Was Bernanke complicit in the financial crisis?

national debt from 1950 to 2010

ben helicopter bernanke was complicit in financial meltdown

“… a House Republican charged that a whistleblower had alerted Congress to specific documents provide “troubling details” of Bernanke’s role in the AIG bailout.” — Ryan Grim

This new startling revelation that Ben Bernanke somehow had ulterior motives for bailing out big banks is really nothing new when we consider how the banking system is structured in the United States. With a central bank in charge of interest rates, and a defective congress in charge of lawmaking, it really is no surprise that Ben Bernanke would be suspected of being complicit in the biggest financial meltdown in the United States history.

Looking at Ben Bernanke we see that he was too easy with his lax quantitative easing for the Obama and Bush adminsitrations, while Congress didn’t like him because he wasn’t easy enough. When the President gave a speech recently about “greedy bankers” trying to make a profit we can confidently say he was absolutely wrong because the reason the bankers were able to be greedy was because the central bankers like Greenspan and subsequently were too easy. Indeed, they lowered interest rates to extremely low levels and made money too cheap to be lent to banks during their respective tenures.

Combining these factors of guaranteed loans from government actually created the financial crises we experienced in the last couple years. Since we are repeating the mistakes of the past of bailing out institutions and making money too cheap by leaving central banks in charge of our monetary supply, we will experience a much deeper problem in the long run. There is a reason to regulate banks because banks are taking a lot of risks with insured deposits.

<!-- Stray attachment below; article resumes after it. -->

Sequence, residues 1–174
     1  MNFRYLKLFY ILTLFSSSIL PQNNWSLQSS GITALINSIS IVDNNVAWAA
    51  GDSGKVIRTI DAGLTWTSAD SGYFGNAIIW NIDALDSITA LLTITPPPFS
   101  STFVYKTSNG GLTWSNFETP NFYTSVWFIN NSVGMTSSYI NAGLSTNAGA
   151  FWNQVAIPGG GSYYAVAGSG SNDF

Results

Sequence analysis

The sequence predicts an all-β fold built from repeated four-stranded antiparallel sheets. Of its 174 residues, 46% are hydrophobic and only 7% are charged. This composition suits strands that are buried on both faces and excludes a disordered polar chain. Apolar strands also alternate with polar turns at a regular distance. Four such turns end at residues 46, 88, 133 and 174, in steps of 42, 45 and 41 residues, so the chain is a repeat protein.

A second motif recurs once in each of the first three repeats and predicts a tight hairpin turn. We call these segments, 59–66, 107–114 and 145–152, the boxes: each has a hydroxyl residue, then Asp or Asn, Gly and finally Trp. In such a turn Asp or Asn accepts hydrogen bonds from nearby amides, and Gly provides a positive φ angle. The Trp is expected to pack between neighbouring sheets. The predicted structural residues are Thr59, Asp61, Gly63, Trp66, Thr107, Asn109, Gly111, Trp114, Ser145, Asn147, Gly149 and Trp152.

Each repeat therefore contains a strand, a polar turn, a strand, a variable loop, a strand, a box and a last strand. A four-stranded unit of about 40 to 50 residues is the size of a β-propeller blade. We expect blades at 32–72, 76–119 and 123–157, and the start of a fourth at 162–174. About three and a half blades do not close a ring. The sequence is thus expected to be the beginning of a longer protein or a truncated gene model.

The reason the banks took so much risk with these deposits was because the government insured them. If there was no insurance these banks would not be taking these risks because the depositors would not let them. So once the government already poisoned the market with guaranteed bank accounts and financial instruments, government comes in with more regulations to undo the effects of the regulation they already created.

national debt from 1950 to 2010

Is Bernanke Hiding A Smoking Gun?

Posted: 01-26-10 Huffington Post

A Republican senator said Tuesday that documents showing Federal Reserve Board Chairman Ben Bernake covered up the fact that his staff recommended he not bailout AIG are being kept from the public. And a House Republican charged that a whistleblower had alerted Congress to specific documents provide “troubling details” of Bernanke’s role in the AIG bailout.

Sen. Jim Bunning (R-Ky.), a Bernanke critic, said on CNBC that he has seen documents showing that Bernanke overruled such a recommendation. If that’s the case, it raises questions about whether bailing out AIG was actually necessary, and what Bernanke’s motives were.

A letter Bunning sent Monday to Banking Committee Chairman Chris Dodd (D-Conn.) also refers to an “[e]mail exchange regarding restructuring of assistance to AIG, initiated by Treasury Secretary Timothy Geithner” in March 2009.

Senators will be voting on Bernanke’s confirmation for a second term in the coming days. But only senators on the Banking Committee have had access to documents that illuminate just what decisions he made and how he made them. And that access only came after Bunning publicly complained that Dodd and Sen. Richard Shelby (R-Ala.) were the only members of the committee could see them.

Meanwhile, Rep. Darrell Issa (R-Calif.), who has been investigating the AIG bailout in his role as ranking Republican on the House Oversight and Government Reform Committee, said that a whistleblower has informed him of “troubling details” of Bernanke’s role in the bailout.

There may be nothing incriminating in the documents, but without access to them, the Senate will be voting to confirm him in the dark.

Senators from both parties who say they will vote to confirm Bernanke credit him with deft actions that averted a second Great Depression. Those actions, they argue, outweigh what blame he deserves for causing the crisis in the first place.

“He’s done a very good job in the last year. And but for his work, we would be in a very different position in this country today,” said Dodd Monday. “Now that’s hard to prove a negative. But the fact of the matter is, our entire financial system might have collapsed but for his leadership.”

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